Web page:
Greetings from the West Coast! Only a few more days in beautiful Montebello, California, then home for 3 days and off to a week of meetings in St. Paul, Minnesota. Luckily, I have managed to squeeze in a little time for some new words.
Words this week come from Population: 485 by Michael Perry. It's a really interesting book about life in a small town, written by a volunteer firefighter and EMT who works with - and sometimes on - his neighbors. The book covers everything from firefighting to farming to philosophy, with lots of stops along the way. Here are some of the interesting words I came across:
1. "...the corner has been recut and reshaped, the roadbed raised and the camber adjusted."
Camber: 1: a slight convexity (as of the surface of a road) 2: a slope in the turn of a road or track.
2. "The effect was riverine."
Riverine: relating to or resembling a river.
3. "Your top-grade aphorist covers all angles."
Aphorist: Okay, this is one of those words that you need a definition of the definition. An aphorist is someone who produces or collects aphorisms. Aphorisms are original thoughts, spoken or written in an easily memorable form.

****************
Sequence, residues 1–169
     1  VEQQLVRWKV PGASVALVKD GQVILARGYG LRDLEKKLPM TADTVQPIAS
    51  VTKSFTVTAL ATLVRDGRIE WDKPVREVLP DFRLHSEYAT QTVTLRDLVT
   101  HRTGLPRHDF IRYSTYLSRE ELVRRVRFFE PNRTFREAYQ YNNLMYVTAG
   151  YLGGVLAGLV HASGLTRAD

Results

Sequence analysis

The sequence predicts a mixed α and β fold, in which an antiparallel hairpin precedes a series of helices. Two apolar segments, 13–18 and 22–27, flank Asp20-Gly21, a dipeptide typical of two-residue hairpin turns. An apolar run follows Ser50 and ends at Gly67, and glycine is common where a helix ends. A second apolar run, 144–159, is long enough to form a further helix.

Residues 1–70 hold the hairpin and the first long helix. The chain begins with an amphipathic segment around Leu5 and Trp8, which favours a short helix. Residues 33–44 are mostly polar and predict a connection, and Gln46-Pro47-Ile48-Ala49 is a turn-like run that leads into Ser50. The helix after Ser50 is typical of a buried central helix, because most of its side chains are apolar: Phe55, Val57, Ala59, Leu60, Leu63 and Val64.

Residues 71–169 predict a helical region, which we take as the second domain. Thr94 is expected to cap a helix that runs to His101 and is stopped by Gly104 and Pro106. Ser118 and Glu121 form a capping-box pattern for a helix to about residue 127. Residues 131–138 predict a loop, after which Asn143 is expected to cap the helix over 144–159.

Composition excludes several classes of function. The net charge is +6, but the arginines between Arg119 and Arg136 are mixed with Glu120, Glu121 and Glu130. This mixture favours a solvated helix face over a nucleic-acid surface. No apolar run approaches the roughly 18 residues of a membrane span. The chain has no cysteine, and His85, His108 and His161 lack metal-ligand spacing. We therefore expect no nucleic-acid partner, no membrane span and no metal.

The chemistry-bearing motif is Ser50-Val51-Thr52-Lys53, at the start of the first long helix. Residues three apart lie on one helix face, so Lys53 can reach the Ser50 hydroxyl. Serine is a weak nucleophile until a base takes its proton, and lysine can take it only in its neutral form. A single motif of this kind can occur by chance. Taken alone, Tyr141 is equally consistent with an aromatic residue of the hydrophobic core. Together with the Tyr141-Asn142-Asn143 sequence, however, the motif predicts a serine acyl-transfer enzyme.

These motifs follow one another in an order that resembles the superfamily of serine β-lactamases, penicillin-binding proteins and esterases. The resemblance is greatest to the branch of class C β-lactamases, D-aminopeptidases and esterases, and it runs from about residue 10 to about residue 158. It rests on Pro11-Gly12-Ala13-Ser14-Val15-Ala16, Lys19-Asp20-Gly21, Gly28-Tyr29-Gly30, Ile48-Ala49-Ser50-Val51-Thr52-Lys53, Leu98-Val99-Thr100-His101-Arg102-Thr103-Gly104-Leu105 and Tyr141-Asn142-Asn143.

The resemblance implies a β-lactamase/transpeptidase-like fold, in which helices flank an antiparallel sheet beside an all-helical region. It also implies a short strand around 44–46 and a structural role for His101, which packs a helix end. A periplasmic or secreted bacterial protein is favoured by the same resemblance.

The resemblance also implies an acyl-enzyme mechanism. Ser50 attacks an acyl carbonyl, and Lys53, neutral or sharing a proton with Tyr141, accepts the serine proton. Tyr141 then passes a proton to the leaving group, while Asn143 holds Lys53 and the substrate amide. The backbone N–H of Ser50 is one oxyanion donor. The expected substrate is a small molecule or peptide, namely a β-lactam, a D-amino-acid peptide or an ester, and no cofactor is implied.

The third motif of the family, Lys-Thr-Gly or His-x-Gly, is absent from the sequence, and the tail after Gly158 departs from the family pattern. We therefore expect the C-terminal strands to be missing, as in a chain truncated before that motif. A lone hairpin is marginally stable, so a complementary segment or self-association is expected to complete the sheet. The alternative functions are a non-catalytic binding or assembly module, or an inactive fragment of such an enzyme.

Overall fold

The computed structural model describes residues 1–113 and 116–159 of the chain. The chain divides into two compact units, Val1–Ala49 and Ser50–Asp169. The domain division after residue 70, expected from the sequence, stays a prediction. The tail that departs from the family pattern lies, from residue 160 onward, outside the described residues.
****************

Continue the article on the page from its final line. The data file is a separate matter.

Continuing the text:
And this quote is a fiver-fer!
4-8: "In its wake, we were left a raw, poetic topographhy of kettles and moraines, kames and eskers, and drumlins.
Kettle: Depression made by the wasting away of a detached piece of glacier ice.
Moraine: An accumulation of boulders, stones, or other debris carried and deposited by a glacier.
Kame: A round hill or short ridge of sand or gravel deposited by a melting glacier.
Esker: A long winding ridge of post glacial gravel and other sediment.
Drumlin: A smooth hill formed from deposits of glacial till.
I've got a lot more words from this book and I plan on using them next week. Until then, here's something to think about, if you've been playing this game every Wednesday: isn't it surprising how some definitions are so very clear, and others are worse than useless? Especially looking up the topographic terms, I was surprised by the way some definitions gave me a clear picture of the effect, while others were so vague or dolled-up in other technical terms, that I had no idea what they meant. No wonder people get frustrated!